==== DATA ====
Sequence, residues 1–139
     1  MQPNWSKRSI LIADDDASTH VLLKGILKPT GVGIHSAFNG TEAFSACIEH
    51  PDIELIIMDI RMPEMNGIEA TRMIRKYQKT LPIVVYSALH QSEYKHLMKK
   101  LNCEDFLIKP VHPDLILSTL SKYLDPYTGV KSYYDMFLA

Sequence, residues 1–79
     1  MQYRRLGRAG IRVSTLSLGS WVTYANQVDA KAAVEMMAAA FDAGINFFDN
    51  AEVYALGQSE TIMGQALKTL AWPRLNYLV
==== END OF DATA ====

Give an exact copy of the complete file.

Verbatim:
Sequence, residues 1–139
     1  MQPNWSKRSI LIADDDASTH VLLKGILKPT GVGIHSAFNG TEAFSACIEH
    51  PDIELIIMDI RMPEMNGIEA TRMIRKYQKT LPIVVYSALH QSEYKHLMKK
   101  LNCEDFLIKP VHPDLILSTL SKYLDPYTGV KSYYDMFLA

Sequence, residues 1–79
     1  MQYRRLGRAG IRVSTLSLGS WVTYANQVDA KAAVEMMAAA FDAGINFFDN
    51  AEVYALGQSE TIMGQALKTL AWPRLNYLV